There’s been reference to “coffer dams” (or cofferdams) on this site, but what does the term mean? A coffer dam is defined as a watertight enclosure from which water is pumped to expose the bottom of a body of water to permit construction of piers, dams, etc.
One of the many fascinations of the Condit Dam breaching was re-emergence of the original coffer dam used to re-route the river during construction 99 years ago (see Condit Dam History Part 5). All of the wood submerged by the reservoir seems to have been well preserved, including tree stumps, coffer dams, flumes and crib walls.
This outcome has some real significance in terms of river restoration. On the negative side, Coffer Dam #2 is now preventing the exit of some sediment from the upstream river canyon. If left in place, the dam would also limit upstream passage of fish. To alleviate the blockage, the coffer dam, and adjacent crib wall that originally directed water into the bell mouth of Tunnel #1, will be removed this winter. The structures will soon transition into history.
On the positive side, however, the preservation of tree stumps below the reservoir shores has provided the river restorationist with an accurate record of the species, density and size of the trees that grew along the canyon 99 years ago. They also define the pre-project ground topography, which will be important in devising regrading plans. This data has special importance, since there is very little photographic, map or written description of the canyon before 1912.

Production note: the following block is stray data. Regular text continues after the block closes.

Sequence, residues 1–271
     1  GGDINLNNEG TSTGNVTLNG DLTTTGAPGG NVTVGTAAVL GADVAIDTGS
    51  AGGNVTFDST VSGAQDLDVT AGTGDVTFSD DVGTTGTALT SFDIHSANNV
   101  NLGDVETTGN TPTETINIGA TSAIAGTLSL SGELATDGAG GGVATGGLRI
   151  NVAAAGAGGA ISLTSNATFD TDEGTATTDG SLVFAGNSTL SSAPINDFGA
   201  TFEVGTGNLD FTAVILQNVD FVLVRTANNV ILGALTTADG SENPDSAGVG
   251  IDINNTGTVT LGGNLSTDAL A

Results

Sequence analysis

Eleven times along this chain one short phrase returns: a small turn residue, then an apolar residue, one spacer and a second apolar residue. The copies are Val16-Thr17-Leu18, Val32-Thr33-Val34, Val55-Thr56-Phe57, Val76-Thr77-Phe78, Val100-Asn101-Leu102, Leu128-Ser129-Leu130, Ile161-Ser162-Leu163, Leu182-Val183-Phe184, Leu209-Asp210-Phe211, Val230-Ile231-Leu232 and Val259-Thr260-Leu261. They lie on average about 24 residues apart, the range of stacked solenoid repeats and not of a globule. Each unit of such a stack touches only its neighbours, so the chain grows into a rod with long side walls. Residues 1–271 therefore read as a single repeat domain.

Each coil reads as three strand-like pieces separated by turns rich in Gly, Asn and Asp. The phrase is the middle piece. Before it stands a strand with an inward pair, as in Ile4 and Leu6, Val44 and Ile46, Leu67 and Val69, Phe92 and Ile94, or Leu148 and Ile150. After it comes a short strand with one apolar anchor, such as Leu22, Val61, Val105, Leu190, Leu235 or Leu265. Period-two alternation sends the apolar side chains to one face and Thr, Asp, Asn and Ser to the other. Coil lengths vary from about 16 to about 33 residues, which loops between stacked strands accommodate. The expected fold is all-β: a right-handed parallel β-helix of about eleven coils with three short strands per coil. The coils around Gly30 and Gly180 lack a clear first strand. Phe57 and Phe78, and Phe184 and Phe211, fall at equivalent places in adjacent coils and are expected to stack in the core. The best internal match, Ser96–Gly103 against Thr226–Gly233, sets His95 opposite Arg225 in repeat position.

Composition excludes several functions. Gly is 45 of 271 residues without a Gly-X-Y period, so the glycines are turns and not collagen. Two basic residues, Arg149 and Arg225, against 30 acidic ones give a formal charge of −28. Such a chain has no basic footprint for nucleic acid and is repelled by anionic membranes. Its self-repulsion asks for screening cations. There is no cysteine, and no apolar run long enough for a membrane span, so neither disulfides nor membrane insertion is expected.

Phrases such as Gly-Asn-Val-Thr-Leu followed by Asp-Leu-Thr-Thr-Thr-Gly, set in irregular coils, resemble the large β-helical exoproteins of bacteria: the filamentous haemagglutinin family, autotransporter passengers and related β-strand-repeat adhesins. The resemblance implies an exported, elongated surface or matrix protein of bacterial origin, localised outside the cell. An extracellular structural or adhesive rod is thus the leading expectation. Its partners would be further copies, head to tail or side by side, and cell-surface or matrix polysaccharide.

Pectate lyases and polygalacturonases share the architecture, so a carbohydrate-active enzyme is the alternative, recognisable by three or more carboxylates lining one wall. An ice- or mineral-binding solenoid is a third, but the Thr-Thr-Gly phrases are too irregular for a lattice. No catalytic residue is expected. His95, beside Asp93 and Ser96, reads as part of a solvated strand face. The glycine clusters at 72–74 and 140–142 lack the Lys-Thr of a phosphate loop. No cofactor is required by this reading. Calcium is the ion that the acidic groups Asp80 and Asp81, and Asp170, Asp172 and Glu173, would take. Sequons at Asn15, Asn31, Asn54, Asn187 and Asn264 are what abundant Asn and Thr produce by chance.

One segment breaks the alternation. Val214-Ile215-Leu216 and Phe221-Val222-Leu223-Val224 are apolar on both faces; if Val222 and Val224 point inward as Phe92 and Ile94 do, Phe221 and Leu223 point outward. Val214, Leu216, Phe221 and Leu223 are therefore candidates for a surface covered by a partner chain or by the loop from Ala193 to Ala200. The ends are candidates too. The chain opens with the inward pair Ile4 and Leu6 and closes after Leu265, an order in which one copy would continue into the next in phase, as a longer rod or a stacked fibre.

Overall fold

The photo below provides a glimpse of the untouched canyon above the dam. As expected, the steep, dry, shallow-soil hillsides immediately above the river supported species such as Oregon white oak, dry adapted shrubs like mockorange and hazel, and scattered conifers. Where hill slopes were less steep and supported deeper soils, the primary trees were probably a mixture of ponderosa pine and Douglas fir.
(click on image(s) for larger view)